And with the 2020 election looming, more Democratic presidential candidates have rolled out climate change platforms, putting themselves in stark contrast to the Denier-in-Chief. Most of the plans so far don't go nearly far enough, but they exist, and candidates actually talked about climate issues at the last presidential debate, so that's a start.
These Democratic platforms, or what comes out of these initial discussions, are not just necessary for the planet — they're also wanted by a wide range of people. Republican political strategists recently warned that the party of denial could lose voters over issues related to climate change. That's a huge shift.
All of these positive changes and trends add up, although there's still so much further to go. And of course, the power of the Trump administration and other regressive officials around the world still have us all on track to possibly irreversible devastation, so we're kind of on a tight deadline here.
But every victory, no matter how small or personal, is a chance to save — and preserve — our planet's future. Those victories matter. They create momentum. They create change. They may seem too few and too far between in the face of the coming storm, but sometimes it pays to do just what I did in this editorial — list them, add them up, and then see the shape of a more positive future starting to emerge from the flames.
Reposted with permission from our media associate The Revelator.
EcoWatch Daily Newsletter
By Lorraine Chow
Kokia drynarioides is a small but significant flowering tree endemic to Hawaii's dry forests. Native Hawaiians used its large, scarlet flowers to make lei. Its sap was used as dye for ropes and nets. Its bark was used medicinally to treat thrush.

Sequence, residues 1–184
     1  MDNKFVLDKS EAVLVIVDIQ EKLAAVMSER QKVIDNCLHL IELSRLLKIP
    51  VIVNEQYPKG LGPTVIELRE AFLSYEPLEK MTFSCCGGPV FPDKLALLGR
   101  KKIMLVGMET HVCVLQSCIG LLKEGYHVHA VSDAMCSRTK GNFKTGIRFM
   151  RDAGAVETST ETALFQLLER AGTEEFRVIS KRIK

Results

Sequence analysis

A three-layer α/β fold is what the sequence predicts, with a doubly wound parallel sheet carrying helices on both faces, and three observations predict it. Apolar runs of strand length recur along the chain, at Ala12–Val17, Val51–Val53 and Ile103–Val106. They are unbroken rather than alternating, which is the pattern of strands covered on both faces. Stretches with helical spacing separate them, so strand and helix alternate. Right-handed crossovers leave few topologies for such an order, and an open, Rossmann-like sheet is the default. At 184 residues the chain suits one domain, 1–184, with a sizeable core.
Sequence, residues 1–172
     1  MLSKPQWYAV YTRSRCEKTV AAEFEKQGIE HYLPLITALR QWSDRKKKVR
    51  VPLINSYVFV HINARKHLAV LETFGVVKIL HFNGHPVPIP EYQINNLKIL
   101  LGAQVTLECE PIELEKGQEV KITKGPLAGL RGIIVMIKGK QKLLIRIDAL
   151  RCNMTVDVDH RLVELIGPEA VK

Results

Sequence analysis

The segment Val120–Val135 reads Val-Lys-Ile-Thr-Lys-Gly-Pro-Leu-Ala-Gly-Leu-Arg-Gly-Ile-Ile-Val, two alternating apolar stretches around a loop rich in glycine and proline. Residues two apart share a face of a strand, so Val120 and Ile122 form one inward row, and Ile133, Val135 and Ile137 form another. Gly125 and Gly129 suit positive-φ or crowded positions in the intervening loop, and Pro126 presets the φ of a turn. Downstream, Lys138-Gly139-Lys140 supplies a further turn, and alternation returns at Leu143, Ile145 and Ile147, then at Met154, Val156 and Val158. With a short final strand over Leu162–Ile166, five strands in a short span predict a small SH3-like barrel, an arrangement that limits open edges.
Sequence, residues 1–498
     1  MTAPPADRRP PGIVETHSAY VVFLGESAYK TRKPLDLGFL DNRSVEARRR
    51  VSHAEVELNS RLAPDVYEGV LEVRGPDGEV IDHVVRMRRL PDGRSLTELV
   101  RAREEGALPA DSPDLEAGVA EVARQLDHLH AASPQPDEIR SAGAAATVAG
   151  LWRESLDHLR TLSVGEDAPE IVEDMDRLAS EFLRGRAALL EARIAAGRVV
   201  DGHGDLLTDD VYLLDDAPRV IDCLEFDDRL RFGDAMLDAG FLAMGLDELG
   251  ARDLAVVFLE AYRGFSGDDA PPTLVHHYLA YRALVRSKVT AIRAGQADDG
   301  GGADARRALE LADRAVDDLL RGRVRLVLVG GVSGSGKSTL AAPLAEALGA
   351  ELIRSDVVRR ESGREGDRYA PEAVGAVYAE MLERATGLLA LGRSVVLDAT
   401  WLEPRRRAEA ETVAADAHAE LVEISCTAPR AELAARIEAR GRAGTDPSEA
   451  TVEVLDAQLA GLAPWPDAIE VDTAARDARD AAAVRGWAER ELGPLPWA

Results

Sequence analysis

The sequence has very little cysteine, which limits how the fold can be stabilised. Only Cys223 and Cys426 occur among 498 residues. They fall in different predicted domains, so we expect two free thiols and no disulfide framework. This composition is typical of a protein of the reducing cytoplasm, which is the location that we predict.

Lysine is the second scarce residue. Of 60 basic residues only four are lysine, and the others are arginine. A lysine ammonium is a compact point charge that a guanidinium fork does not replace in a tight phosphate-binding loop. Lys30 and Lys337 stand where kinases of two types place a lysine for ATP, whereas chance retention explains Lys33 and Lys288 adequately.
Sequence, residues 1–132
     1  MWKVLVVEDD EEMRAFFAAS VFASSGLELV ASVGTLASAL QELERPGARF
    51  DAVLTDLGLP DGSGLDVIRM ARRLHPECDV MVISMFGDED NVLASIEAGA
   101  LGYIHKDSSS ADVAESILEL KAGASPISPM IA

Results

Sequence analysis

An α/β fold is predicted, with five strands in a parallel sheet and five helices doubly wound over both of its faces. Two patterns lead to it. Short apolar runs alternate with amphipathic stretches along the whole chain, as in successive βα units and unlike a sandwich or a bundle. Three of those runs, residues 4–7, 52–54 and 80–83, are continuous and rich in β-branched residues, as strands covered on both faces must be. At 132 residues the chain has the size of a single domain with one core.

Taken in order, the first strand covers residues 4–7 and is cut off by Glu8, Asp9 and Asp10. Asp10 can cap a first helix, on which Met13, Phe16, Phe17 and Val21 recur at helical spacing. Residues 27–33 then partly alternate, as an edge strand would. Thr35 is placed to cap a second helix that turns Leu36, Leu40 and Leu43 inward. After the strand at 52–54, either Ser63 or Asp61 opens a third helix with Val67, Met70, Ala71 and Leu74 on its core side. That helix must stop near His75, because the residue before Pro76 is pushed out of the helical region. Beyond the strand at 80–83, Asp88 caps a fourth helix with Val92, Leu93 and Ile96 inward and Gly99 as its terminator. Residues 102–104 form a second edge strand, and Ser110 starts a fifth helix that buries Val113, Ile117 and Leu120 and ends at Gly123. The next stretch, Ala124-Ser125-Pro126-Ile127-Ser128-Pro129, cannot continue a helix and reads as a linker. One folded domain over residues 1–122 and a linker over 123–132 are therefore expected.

States that invest heavily in renewable energy will generate billions of dollars in health benefits in the next decade instead of spending billions to take care of people getting sick from air pollution caused by burning fossil fuels, according to a new study from MIT and reported on by The Verge.
By Kristin Ohlson
From where I stand inside the South Dakota cornfield I was visiting with entomologist and former USDA scientist Jonathan Lundgren, all the human-inflicted traumas to Earth seem far away. It isn't just that the corn is as high as an elephant's eye — are people singing that song again? — but that the field burgeons and buzzes and chirps with all sorts of other life, too.
Hawaii's Kilauea volcano could be gearing up for an eruption after a pond of water was discovered inside its summit crater for the first time in recorded history, according to the AP.
Humanity faced its hottest month in at least 140 years in July, the US National Oceanic and Atmospheric Administration (NOAA) said on Thursday. The finding confirms similar analysis provided by its EU counterparts.
By Hans Nicholas Jong
Indonesia's president has made permanent a temporary moratorium on forest-clearing permits for plantations and logging.
It's a policy the government says has proven effective in curtailing deforestation, but whose apparent gains have been criticized by environmental activists as mere "propaganda."
By Grace Francese
Outbreaks of potentially toxic algae are fouling lakes, rivers and other bodies of water across the U.S. Nationally, news reports of algae outbreaks have been on the rise since 2010.